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Details of Grant 

EPSRC Reference: EP/J013900/1
Title: Commercialisation of CHOTs
Principal Investigator: Clark, Professor M
Other Investigators:
Researcher Co-Investigators:
Dr RJ Smith Dr T Stratoudaki
Project Partners:
Department: Div of Electrical Systems and Optics
Organisation: University of Nottingham
Scheme: Follow on Fund
Starts: 01 July 2012 Ends: 30 November 2013 Value (£): 151,289
EPSRC Research Topic Classifications:
Lasers & Optics Optical Devices & Subsystems
EPSRC Industrial Sector Classifications:
Related Grants:
Panel History:
Panel DatePanel NameOutcome
18 Oct 2011 Follow-on Fund Announced
Summary on Grant Application Form
Non-destructive testing is not only big business but it is critical to big businesses. Without it aeroplanes couldn't fly, electricity wouldn't be generated and petrol wouldn't be produced. It is a critical component in any safety critical business. One of the most widely used and versatile tools for non destructive testing is ultrasonic inspection. In the main this uses piezo-electric transducers to perform the inspection. These are typically match-box sized and are connected to the sample using a couplant gel or water and connected to the instrumentation (pulser) via a coaxial wire. Piezo-electric transducers are bulky, expensive and don't like harsh conditions (such as high temperatures). Because they are connected to the instrumentation by wires and need to be in contact with the sample (or a water bath) they are difficult to use in many situations - for instance on the wing of an aircraft, in a gas turbine engine or on a wind turbine.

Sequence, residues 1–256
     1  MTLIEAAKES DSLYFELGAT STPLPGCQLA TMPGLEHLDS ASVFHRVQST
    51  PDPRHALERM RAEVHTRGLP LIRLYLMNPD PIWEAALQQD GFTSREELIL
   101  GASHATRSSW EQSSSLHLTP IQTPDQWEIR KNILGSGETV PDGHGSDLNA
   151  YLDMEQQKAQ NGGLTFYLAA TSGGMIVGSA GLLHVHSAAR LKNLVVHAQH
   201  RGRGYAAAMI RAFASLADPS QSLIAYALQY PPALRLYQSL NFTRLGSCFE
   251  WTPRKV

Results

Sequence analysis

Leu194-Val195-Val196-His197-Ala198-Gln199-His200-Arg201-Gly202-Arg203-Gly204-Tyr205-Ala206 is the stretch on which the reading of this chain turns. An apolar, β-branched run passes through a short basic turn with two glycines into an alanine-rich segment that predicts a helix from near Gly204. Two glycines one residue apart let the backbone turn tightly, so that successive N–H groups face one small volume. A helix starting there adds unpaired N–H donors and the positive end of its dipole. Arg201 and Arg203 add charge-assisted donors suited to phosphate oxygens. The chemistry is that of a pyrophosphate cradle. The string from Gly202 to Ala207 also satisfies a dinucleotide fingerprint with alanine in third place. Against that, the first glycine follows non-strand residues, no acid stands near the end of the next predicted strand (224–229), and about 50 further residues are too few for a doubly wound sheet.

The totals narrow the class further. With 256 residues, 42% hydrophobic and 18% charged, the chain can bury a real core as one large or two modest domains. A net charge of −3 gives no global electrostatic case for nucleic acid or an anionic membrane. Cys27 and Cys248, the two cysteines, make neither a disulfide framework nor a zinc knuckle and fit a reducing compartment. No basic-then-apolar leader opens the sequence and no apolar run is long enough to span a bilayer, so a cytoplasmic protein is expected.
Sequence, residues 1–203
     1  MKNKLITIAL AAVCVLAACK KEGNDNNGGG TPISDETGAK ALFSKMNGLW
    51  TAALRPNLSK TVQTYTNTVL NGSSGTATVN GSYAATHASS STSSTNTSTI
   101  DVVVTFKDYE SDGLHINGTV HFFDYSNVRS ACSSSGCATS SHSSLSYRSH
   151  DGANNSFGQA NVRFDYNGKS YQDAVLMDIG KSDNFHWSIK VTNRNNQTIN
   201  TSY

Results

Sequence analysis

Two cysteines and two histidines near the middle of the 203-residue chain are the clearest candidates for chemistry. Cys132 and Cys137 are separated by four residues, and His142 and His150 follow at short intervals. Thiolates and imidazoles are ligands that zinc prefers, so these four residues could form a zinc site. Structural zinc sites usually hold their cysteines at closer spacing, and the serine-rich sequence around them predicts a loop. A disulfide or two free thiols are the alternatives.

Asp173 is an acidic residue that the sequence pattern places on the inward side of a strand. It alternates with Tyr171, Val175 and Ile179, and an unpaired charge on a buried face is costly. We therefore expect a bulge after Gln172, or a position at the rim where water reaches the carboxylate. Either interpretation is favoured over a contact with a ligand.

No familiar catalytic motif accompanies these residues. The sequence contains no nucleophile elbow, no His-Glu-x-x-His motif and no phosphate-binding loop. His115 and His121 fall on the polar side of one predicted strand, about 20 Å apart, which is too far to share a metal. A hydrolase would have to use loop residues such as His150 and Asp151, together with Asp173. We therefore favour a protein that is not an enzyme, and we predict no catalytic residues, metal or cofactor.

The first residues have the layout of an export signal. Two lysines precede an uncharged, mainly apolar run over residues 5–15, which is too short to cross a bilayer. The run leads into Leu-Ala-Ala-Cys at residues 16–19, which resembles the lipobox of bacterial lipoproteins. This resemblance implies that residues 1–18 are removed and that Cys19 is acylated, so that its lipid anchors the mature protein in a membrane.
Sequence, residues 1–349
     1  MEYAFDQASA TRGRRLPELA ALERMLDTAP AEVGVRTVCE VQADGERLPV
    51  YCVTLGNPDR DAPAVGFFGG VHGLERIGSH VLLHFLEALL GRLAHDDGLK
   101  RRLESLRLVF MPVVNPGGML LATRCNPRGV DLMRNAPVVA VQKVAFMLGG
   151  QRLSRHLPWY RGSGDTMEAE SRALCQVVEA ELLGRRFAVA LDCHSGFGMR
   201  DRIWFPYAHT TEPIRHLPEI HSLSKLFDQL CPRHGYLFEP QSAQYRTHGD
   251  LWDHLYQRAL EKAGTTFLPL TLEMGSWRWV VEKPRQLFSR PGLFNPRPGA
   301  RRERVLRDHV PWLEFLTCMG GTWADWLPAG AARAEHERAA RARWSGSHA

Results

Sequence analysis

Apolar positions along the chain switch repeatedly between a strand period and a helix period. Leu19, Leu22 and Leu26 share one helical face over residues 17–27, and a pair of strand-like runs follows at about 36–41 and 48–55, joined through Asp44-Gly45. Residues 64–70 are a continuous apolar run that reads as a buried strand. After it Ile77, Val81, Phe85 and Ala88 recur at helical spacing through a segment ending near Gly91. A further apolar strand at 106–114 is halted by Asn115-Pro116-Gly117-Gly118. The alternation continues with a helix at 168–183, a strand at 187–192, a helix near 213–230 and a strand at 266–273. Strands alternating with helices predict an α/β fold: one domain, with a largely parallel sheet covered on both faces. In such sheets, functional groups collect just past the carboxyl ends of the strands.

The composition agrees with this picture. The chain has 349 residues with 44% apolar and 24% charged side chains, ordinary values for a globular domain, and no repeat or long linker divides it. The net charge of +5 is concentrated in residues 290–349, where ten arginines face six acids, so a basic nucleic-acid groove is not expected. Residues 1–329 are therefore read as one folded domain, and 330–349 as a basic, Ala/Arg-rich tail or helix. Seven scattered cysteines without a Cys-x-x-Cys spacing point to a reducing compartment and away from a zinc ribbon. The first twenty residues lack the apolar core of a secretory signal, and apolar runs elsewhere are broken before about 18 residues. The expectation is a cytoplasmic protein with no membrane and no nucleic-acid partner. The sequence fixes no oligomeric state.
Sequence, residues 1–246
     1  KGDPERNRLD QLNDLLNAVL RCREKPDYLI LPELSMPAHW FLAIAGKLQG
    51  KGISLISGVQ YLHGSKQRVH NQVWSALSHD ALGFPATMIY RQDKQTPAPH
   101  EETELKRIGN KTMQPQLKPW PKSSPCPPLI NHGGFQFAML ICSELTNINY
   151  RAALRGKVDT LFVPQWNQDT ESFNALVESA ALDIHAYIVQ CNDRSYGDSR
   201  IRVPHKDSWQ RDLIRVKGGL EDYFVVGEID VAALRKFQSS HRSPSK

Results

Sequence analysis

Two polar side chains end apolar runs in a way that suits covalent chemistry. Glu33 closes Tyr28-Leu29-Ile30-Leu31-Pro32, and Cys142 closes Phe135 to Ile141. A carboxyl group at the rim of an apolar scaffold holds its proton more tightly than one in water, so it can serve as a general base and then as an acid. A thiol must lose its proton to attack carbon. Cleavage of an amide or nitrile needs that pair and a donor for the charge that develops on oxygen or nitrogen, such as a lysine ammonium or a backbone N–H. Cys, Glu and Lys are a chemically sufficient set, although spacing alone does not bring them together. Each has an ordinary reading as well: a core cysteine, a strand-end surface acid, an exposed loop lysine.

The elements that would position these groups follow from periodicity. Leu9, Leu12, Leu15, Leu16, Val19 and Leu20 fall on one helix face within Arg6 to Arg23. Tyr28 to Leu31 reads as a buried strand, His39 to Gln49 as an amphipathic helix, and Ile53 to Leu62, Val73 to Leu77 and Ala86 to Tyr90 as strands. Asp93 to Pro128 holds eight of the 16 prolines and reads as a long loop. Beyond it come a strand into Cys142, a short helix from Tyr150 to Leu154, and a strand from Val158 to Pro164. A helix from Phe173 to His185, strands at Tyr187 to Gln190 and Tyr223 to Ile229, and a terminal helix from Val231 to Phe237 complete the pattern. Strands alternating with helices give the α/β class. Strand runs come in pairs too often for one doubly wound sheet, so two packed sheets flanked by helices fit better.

CHOTs is an alternative technology to piezo-electric transducers. Ultrasonically they behave the same as piezo-electric transducers but they are very small and cheap and they are probed wirelessly without contact between the instrumentation and the transducer using laser beams. In addition the CHOTs transducers themselves can be made in a wide variety of ways and from a wide variety of materials, including from the sample or test piece itself. Consequently they can be used in hazardous environments. They typically have near zero thickness so they can be left on the sample with negligible impact on its use. Because they are very cheap it would be possible to cover a structure with CHOTs that are left in situ for future testing.

The CHOTs transducers are operated wirelessly using lasers and can be probed remotely (theoretically >100m) as well as close up. This makes CHOTs an attractive system where access is difficult or dangerous. In this proposal we want to turn our research based laboratory CHOTs system into an instrument that can be used in industry. We will use the original EPSRC research and some recent advances to make a system based on optical fibres that will allow CHOTs to be used in three ways: with a hand held scanner (like a bar code reader), with a tripod mount remote scanner and down an endoscope for inspecting the inside of difficult to reach structures such as gas turbines.

We want to license the technology to instrument manufacturers who can then make and sell CHOTs systems to end users in industry. We will work closely with both instrument manufacturers and end users as we design and build our system and we will demonstrate it and lend it out for evaluation. The system will be very simple to use and very familiar to users of existing piezo-electric systems (with the exception of using non contact CHOTs transducers) so that it will integrate directly into their measurement systems.
Key Findings
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Potential use in non-academic contexts
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Date Materialised
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Organisation Website: http://www.nottingham.ac.uk